The whole place had a cluttered, used look and feel–as opposed to DC’s offices, which were opulent and huge by comparison, populated by an army of dignified people tiptoeing around, speaking in solemn tones, as though they were discussing insurance, or some other “real” business. And at DC they wouldn’t let you in without a jacket and tie. In fact, the first time I went to New York to discuss business in 1966, Mort met me at my hotel to make certain I was properly dressed before allowing me to go up to the offices. He wanted to make sure I wouldn’t embarrass him by showing up in a tee-shirt or something. At Marvel, nobody cared what you wore.
I spent the first day helping Morrie do paste-ups, art corrections and lettering corrections. I also proofread an issue of Millie the Model and gathered along with everyone else in Stan’s office to gang-plot several issues of various titles. I wondered when the “writer” part of the staff writer job would begin. Morrie, it seemed, would slap a lettering pen into any open hand, and point at correx to be done. Everybody did everything. Loudly. Unabashedly. Frantically. Delivery boys were asked their opinions of covers, and how to spell boutonniere (I knew!). It’s amazing they weren’t given brushes and asked to ink backgrounds on The Incredible Hulk.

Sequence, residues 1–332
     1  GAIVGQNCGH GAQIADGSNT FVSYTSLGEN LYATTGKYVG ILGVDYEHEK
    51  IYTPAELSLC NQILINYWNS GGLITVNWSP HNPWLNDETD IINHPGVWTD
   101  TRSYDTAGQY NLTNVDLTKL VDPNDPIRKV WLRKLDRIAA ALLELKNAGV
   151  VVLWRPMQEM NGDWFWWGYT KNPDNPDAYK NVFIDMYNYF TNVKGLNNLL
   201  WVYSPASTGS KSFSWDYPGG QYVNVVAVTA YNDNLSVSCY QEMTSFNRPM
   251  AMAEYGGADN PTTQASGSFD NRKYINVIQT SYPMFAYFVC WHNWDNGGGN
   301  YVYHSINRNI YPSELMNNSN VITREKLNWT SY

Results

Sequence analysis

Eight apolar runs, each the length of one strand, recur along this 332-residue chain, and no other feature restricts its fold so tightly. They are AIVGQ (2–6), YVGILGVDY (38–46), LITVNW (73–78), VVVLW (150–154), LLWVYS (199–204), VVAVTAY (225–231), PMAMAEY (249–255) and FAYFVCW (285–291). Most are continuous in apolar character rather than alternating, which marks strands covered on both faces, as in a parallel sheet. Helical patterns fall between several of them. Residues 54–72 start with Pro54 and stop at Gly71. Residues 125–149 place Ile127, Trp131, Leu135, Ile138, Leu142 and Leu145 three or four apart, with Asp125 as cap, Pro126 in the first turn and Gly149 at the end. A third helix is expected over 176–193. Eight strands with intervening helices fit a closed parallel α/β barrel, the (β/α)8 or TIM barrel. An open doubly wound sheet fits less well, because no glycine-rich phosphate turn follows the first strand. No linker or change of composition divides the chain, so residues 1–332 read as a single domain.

I loved it.
Three weeks later I quit. I still loved it, but I had to quit. I was staying at the 34th Street YMCA — not a pretty place — and failing dramatically to make ends meet on my $125.00 per week, which would have been good money in Pittsburgh, but meant starvation for a kid all alone in the Big Apple. Reluctantly, I headed home to western Pennsylvania, certain that my comics days were over. I knew that when I left (“betrayed”) Mort that the doors were closed forever at National. And, I assumed that leaving Marvel after only three weeks meant no hope of returning. So, while all my friends were just getting started on their careers, at eighteen I was already washed up.